Lincoln at UIS: The Annual Lincoln Legacy Lecture Series

The Young Lincoln

Did you ever meet Abraham Lincoln when you were a student at UIS/SSU?

Today, students on campus can greet Abraham Lincoln every day that they cross the quad. But students have been encountering Lincoln at UIS long before the Young Lincoln statue was installed in 2016.

Here are a few early examples of Lincoln’s presence at UIS.

  • In 1974, for example, a Symposium on Lincoln, sponsored by Sangamon State and the IL State Historical Society, was held at the Old State Capitol.
  • Two years later in 1976, a 5-day symposium on “Lincoln’s Thought and the Present” took place at Sangamon State. Many additional academic and art presentations on Lincoln occurred in the following years.
  • In 2000, Lincoln scholarship at UIS took a big step forward in establishing the Chancellor Naomi B. Lynn Distinguished Chair in Lincoln Studies, made possible through a gift from Dr. Richard E. Vaden and his family. Held by Dr. Phillip Shaw Paludan until his death in 2007, the position is now held by Dr. Michael Burlingame, also a renowned Lincoln scholar.

Annual Lincoln Scholarship at UIS

On November 19, 2002, another important Lincoln event took place at UIS: the Inaugural Lincoln Legacy Lecture. The series has been held every year since that time. The 2017 lecture is scheduled for Thursday, October 12, 2017, in Brookens Library, on the topic of Lincoln and Education.

The lecture series has been sponsored by the Center for State Policy and Leadership, in cooperation with the Chancellor Naomi Lynn Distinguished Chair in Lincoln Studies (with many additional co-sponsors and support from alumni and friends).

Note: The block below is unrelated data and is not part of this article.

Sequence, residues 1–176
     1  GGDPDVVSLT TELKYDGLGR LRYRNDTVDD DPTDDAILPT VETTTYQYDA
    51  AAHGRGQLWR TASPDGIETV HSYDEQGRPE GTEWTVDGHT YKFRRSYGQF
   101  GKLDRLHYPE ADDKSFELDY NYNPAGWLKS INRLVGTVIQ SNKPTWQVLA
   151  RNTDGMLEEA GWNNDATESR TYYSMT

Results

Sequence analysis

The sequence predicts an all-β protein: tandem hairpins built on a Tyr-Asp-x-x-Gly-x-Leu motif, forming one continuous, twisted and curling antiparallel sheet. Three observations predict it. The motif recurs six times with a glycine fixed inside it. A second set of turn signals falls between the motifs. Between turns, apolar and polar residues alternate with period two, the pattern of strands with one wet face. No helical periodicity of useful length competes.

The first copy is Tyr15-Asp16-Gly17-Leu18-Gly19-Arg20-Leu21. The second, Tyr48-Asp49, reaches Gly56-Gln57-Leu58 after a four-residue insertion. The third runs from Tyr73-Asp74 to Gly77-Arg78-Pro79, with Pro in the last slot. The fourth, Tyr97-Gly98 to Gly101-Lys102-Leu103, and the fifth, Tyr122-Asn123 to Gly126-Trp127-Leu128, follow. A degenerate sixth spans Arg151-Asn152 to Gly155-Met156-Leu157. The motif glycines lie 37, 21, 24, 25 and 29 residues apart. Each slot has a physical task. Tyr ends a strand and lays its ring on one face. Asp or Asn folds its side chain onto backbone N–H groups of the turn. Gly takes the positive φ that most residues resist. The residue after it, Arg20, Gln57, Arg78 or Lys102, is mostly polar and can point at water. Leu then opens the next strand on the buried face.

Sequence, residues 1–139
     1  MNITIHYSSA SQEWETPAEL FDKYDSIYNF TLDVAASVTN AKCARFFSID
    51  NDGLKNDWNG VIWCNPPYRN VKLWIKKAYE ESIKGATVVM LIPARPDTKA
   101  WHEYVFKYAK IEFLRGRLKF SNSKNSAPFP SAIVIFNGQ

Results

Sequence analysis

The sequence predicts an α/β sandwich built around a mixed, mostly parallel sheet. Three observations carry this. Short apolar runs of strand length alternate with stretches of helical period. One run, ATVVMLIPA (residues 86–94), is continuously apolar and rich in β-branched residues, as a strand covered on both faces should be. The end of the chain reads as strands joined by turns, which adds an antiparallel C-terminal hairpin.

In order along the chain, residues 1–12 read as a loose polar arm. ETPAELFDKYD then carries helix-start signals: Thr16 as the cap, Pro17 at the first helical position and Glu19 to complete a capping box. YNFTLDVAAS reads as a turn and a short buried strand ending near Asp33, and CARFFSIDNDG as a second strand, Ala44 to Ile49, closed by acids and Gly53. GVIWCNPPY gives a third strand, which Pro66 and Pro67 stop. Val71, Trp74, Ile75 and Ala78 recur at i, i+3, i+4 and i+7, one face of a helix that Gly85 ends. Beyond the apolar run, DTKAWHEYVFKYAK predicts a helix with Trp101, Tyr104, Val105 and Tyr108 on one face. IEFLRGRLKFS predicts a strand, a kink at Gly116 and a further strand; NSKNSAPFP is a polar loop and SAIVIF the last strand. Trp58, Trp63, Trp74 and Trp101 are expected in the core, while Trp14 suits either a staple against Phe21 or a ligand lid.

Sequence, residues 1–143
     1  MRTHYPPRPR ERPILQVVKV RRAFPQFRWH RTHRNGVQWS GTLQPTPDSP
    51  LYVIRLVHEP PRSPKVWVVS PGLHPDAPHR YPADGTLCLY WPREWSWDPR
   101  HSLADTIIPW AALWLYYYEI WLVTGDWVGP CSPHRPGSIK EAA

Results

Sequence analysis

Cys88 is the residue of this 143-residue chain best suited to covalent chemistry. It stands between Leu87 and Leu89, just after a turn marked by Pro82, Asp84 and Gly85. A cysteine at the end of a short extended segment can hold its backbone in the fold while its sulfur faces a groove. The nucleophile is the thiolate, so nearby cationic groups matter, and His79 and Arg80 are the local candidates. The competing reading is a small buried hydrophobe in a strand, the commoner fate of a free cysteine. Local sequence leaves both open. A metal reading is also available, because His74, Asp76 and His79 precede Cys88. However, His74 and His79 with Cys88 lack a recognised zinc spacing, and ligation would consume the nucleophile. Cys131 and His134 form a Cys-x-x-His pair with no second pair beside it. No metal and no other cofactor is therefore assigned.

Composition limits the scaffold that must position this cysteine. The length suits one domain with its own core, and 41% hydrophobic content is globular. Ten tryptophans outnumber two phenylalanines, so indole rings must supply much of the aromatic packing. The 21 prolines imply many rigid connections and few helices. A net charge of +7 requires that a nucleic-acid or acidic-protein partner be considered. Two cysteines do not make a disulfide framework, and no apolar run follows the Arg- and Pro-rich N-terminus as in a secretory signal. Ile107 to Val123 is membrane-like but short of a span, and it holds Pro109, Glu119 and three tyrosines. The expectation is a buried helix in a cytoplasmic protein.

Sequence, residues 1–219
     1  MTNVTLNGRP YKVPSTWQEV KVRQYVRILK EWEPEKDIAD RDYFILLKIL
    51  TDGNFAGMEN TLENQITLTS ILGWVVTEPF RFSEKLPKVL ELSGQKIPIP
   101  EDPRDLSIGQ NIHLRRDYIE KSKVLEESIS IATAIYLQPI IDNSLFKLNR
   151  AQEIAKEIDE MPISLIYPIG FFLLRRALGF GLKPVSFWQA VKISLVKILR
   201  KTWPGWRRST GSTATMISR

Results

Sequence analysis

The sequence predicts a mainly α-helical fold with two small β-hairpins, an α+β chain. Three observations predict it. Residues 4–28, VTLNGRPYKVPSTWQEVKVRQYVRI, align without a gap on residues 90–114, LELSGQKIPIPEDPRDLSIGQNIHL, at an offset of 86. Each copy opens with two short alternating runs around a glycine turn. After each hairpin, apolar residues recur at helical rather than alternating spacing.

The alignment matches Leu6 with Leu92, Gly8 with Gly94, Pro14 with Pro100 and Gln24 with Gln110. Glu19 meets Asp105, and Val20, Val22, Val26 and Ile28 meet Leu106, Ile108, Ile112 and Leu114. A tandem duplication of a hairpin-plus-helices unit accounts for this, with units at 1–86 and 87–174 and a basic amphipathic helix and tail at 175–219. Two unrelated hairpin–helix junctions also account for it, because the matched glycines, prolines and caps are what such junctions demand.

Unique to this lecture series is the dual focus on issues important to Lincoln in his day and still important to us today. The first Lecture, for example, was on Lincoln and Race. Additional issues have included ethics and power, the environment, voting rights, and America’s struggle for equality.

Dr. Barbara Ferrara, who coordinated the Lincoln Legacy Lecture Series until her retirement in May, 2017, says that one big advantage of the lectures is that students and the public learn “that history is about the past and the present.”

Early in the series, three separate lectures were held, one each on successive weeks, but now the format includes opening remarks by the Lynn Chair, Dr. Michael Burlingame, two 30-minute lectures by Lincoln scholars, and 30 minutes for open discussion with the audience.

People come back year after year. In fact, more than 5,000 students and community members have attended the lectures over the years, including 600 who attended a special symposium in April 2015 before a re-enactment of Lincoln’s Funeral. The Series’ longevity has provided a special connection between the University and the community.

What Gives the Series Its Enduring Value?

“Number one has to be the subject!” said Ferrara. “There’s no end to all the dimensions of Abraham Lincoln, his times, his leadership, the Civil War—all of that. Those of us with an interest never tire of reading and thinking and discussing how we can apply the lessons and the example of Abraham Lincoln to our times today.”

In his opening remarks for the event, Michael Burlingame praises Lincoln’s example of psychological maturity, moral clarity and unimpeachable integrity and says we could all benefit from that example.

It’s no wonder that UIS, with an emphasis on preparing citizens for public service, highlights Abraham Lincoln’s example through the Lincoln Legacy Lectures.

Additional reasons for the Series’ growth and success? Consistently high quality of the event and its format, the ability of Dr. Burlingame (and Dr. Paludan before him) to invite highly respected scholars—and their financial support for the speakers’ costs, the support of the ECCE Speaker Series, and the sustained support of UIS alumni and donors for the event.

For More Information….

Learn more about the Lincoln Legacy Lecture Series and the 2017 lectures on Lincoln and Education, with a synopsis of topics to be covered. For more information, email Rob Fafoglia who now coordinates the Lecture Series or call Rob at 217-206-7163.